A group of eight Minnesota municipalities recently filed federal lawsuits against seven chemical refiners. The municipalities seek to offset the costs of limiting environmental damages from polycyclic aromatic hydrocarbons (PAHs). The plaintiffs allege that the refiners knowingly sold coal tar-based pavement sealants high in PAHs despite widespread evidence that the substances can cause cancer in humans and harm to fish when unsettled by car tires and swept into waterways by wind or rain.

Pavement sealants made from refined coal tar contain high concentrations of polycyclic aromatic hydrocarbons (PAHs), chemicals known by scientists to carry health risks for humans and fish. Eight Minnesota cities recently filed separate lawsuits against several large companies that manufacture and sell coal-tar sealant, aiming to offset significant cleanup costs that municipalities and taxpayers currently face. U.S. Geological Survey.

The sealants, made from refined coal tar, were once commonly painted over parking lots, driveways, and other hardscapes to enhance aging pavement’s ability to weather the elements.  Although Minnesota became the second U.S. state to ban the sale and use of coal tar-based pavement sealants in 2014, many municipalities in the state still are discovering high PAH concentrations in soil and stormwater ponds.

“This is dangerous stuff,” Daniel Shulman, an attorney representing the cities in separate lawsuits, told the Minnesota Star Tribune. “The people and companies that caused this problem should have known that their products were dangerous, and it should be their responsibility to pay for it – not taxpayers.”


Contaminated sediment complicates cleanup

Purging PAHs from stormwater ponds is not simple or cheap. As existing sealants continue to degrade over time, PAHs can end up in sediment entering the more than 15,000 stormwater ponds in the Minneapolis–St. Paul metro area. When enough of that contaminated sediment enters ponds, federal regulations require municipalities to dig up and transport the sediment to landfills as opposed to traditional mitigation measures.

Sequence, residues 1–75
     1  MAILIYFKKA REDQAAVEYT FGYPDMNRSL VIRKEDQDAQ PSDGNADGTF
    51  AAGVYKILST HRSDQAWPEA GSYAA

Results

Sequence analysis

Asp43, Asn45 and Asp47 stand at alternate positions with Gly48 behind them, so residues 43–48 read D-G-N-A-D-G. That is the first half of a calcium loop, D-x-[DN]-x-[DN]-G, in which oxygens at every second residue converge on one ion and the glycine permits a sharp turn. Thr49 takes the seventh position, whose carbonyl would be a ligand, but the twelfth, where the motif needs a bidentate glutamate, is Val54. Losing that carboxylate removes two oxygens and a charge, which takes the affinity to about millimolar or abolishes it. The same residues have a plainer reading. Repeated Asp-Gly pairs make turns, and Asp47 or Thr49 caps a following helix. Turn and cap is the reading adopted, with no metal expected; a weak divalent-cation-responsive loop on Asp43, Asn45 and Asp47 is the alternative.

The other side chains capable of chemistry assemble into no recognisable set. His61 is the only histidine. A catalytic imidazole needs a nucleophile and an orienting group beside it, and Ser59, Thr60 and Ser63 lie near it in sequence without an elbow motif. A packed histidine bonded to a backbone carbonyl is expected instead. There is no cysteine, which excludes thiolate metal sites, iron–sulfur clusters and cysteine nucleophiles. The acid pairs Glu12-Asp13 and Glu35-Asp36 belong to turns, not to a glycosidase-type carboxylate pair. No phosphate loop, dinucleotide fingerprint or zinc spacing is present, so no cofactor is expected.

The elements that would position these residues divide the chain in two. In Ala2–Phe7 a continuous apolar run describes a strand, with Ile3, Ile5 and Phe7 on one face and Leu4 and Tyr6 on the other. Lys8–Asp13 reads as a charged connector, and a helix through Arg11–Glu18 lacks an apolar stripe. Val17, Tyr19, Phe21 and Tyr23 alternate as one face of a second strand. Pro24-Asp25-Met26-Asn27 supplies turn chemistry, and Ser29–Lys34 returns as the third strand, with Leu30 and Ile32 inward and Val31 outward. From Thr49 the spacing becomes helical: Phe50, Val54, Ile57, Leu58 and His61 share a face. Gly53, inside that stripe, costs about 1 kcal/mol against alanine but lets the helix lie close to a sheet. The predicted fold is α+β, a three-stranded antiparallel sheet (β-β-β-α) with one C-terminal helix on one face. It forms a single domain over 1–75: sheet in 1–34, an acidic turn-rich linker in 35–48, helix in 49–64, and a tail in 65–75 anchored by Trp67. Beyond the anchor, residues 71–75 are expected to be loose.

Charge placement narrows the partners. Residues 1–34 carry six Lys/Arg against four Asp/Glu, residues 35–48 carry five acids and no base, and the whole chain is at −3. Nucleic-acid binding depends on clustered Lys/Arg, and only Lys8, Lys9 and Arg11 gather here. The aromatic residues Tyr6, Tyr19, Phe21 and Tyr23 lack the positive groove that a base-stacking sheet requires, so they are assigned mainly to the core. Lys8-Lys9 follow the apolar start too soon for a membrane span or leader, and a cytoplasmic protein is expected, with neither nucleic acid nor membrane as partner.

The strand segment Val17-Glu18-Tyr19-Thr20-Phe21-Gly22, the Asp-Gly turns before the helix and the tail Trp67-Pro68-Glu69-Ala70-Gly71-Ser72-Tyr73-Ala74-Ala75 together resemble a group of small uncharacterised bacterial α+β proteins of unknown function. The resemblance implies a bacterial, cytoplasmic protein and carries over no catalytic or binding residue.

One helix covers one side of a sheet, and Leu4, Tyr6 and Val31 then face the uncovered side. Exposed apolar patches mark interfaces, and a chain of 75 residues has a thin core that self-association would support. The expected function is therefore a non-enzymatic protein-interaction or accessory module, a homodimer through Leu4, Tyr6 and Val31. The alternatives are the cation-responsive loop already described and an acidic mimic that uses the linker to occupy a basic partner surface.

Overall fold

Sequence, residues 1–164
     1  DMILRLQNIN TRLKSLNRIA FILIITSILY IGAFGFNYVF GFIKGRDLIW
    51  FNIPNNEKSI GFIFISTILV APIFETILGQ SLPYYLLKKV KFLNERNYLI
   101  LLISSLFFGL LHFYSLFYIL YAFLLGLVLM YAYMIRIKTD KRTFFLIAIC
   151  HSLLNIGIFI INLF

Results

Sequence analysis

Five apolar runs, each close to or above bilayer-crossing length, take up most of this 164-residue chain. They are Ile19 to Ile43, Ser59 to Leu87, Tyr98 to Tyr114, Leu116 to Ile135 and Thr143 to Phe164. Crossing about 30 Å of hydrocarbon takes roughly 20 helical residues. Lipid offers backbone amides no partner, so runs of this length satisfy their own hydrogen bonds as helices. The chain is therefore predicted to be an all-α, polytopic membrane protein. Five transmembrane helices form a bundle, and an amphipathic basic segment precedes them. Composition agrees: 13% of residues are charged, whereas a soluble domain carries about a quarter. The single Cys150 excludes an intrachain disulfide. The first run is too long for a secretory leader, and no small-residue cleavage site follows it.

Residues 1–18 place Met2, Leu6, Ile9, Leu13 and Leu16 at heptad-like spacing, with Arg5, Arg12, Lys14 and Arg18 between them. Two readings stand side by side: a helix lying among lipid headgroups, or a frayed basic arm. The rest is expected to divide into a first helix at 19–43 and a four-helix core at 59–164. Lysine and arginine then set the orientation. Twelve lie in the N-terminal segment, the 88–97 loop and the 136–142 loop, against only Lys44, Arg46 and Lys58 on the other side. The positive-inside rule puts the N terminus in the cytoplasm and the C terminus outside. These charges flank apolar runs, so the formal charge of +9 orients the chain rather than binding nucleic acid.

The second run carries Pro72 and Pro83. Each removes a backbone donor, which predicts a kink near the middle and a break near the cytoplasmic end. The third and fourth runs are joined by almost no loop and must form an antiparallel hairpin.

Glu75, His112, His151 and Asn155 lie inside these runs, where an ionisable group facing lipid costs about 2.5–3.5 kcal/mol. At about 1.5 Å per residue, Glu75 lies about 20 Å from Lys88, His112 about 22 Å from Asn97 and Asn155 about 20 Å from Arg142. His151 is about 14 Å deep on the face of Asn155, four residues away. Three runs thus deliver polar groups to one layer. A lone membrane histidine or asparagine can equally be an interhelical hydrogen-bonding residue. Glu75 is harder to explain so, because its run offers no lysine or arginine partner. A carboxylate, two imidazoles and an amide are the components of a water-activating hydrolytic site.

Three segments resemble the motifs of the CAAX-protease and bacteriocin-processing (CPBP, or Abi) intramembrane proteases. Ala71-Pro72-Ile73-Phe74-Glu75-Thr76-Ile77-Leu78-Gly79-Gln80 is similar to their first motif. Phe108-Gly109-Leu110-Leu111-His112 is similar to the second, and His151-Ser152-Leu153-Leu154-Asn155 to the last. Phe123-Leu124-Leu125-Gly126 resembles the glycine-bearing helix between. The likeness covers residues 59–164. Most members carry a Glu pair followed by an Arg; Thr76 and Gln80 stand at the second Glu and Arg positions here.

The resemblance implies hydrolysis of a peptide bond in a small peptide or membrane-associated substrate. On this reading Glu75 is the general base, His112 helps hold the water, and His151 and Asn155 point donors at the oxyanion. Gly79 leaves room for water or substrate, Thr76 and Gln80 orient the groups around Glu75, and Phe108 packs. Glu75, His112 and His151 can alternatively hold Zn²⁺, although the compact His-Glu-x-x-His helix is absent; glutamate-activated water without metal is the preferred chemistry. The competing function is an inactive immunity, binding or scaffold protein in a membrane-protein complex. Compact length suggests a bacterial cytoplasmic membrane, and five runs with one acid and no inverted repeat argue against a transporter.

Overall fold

That difference could double or triple total cleanup costs, reports the Tribune. In Burnsville, a suburb just south of Minneapolis, public works director Ryan Peterson told Minnesota Public Radio that as many as one-third of the city’s 270 stormwater retention ponds are contaminated with enough PAH to require transport to landfills.

Aiding the plaintiff’s case is a 2010 study conducted by the Minnesota Pollution Control Agency. The study found that about 67% of total PAH-contaminated sediment in metro-area stormwater ponds originated directly from the coal tar-based sealants.

“We’re not trying to say that the ponds filling in with sediment are the fault of the coal tar providers,” Peterson said. “It’s the fact that we have to manage in a different way because of it.”

According to the Twin Cities Pioneer Press, state pollution officials estimate that total PAH cleanup costs for sediment-heavy ponds in the Minneapolis–St. Paul metro area could exceed $1 billion, a burden likely to fall partially on taxpayers if the lawsuits are unsuccessful.

Seven cities – Burnsville, Eden Prairie, Golden Valley, Maple Grove, Minnetonka, and White Bear Lake – filed suits in Dec. 2018. An eighth municipality, Eagan, filed suit in mid-January.


Cost isn’t the only issue

The excessive cleanup costs faced by the plaintiffs have a ripple effect on water quality. Much of the funds budgeted to ensure retention ponds are maintained to keep pollutants out of larger and more vulnerable waterways must now go toward sediment monitoring, testing, and disposal, Peterson said.

Burnsville, Eden Prairie, Golden Valley, Maple Grove, Minnetonka, White Bear Lake, and Eagen in Minnesota filed federal lawsuits against refiners in the U.S. District Court in Minneapolis. Plaintiffs hope to recoup some of the funds they must spend on sediment monitoring, testing, and disposal as a direct result of PAHs from coal tar-based sealants. Tony Webster/Wikimedia Commons.

“If we can’t clean [the retention ponds] out as quickly, then phosphorus and other contaminants will continue to bypass the ponds,” Peterson told Minnesota Public Radio. “The result will be decreased surface water quality of the lakes and streams that people love.”

Statewide bans on coal tar-based sealants are currently in effect only in Minnesota and Washington. However, a growing number of municipalities, university campuses, and retailers also have imposed bans, including Washington, D.C., the University of Illinois (Springfield), and Home Depot (Atlanta).